TORONTO - Itís the middle of March and that can only mean one thing ó another playoff miss for the Maple Leafs.
No, wait, it means two things. Thatís right, another season of the madness that has become Toronto FC soccer. Hopes are high heading into Season 5 for the one-time expansion club, as Red Nation is buzzing with a playoff-or-bust mentality.
Whether though expectations are realistic remains to be seen, with FC management hinting at a ground-up building process involving youth development and a growing core over bought talent.
Either way, the only guarantee is head-hunting from FC fans if the Reds canít stay competitive. With Torontoís MLS season opening Saturday in Vancouver against the Whitecaps, these are some of the stories to watch during the 2011 season.
The Flying Dutchmen
Itís a changing of the guard in FCís front office, with former Dutch standout Aron Winter taking over at the helm for Toronto. Winter becomes the sixth coach in the franchiseís five-year history and needs to provide stability at the revolving door the position has become. Winter, who was an assistant with Amsterdam club Ajax, brings a wealth of European experience and a former colleague in Bob de Klerk. With a new coaching staff in place comes a new style of play, and Winterís possession-oriented 4-3-3 offence is just that. The style should suit players like Julian de Guzman, but whether it catches on with all 11 players on the pitch will be key.
Staying in the Frei
Torontoís defence hinges on keeper Stefan Frei, the clubís first-round pick in the 2009 draft. Freiís stock has risen a great deal since his rookie campaign, with the Swiss standout quickly becoming one of the top backstopís in the league. With a penchant for passing and a voice for the back line, Frei has become a game-changer, exemplified in his 70% save-percentage last season. Frei is a defensive leader for the club, and his continued growth will be key for Reds success.
Mid-dle of the Pack
The last year has been an interesting one for the TFC midfield ó with de Guzman being hit hard by the injury bug last season, forcing him to miss a handful of games for the club.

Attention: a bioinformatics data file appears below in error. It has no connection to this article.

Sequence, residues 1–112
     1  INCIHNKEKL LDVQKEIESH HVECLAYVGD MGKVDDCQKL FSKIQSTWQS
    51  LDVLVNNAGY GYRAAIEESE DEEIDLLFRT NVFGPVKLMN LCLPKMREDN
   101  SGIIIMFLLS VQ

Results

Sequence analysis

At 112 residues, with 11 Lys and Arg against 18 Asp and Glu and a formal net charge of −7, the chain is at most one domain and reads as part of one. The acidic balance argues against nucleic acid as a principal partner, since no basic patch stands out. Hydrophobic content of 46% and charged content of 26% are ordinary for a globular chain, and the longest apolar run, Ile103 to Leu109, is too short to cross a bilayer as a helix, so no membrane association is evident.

While de Guzmanís reportedly back to full strength and ready for the season there are still question marks hovering over the middle. Dwayne De Rosario thinks he, too, should be given a designated-player contract along with de Guzman. De Guzman made $1.7-million last season compared to the $440,000 of De Rosario.
With De Rosario unhappy with his current contract ó reportedly threatening to sit out the 2011 MLS season unless changes are made ó itís unclear where his future with the club lies. Toronto tacquired Nathan Sturgis in the off-season for added depth in the midfield.
He Shoots, Who Scores?
With no answer in the De Rosario saga, there are concerns about who will put the ball in the back of the net for the Reds. Forward Chad Barrett, who was traded to the L.A. Galaxy in January, leaves a gaping hole in the Toronto offence. De Rosario and Barrett combined for 20 of FCís 30 goals last season and together were a formidable one-two punch for Toronto. Trading Barrett was a cost-saving move, as the California native was slated for a significant raise heading into this season. Troubling, though, is the fact that there is no clear replacement in the wings for FC. The club will need at least one more player to step up big and become that scoring option in order for team success ó both on the field and in the win-column.
Itís Season 5 for TFC, and supporters are hungrier than ever for a winning campaign ending in a taste of the playoffs. Heading into 2011, the Reds are the only MLS club to be in the league for more than three years and still not have seen the post-season. With a favourable start to the season ó playing five of its first seven at home ó Toronto needs to get into playoff position early in order to keep the momentum going. Toronto is home to some of the most loyal fans in sport, but how much more can they take? If Toronto canít get points early in the schedule thereís no telling just where the side might sit in the standings following a tough road stretch come summer.
Bottom-line: TFC needs to make the playoffs to keep management ó and its fan-base ó happy.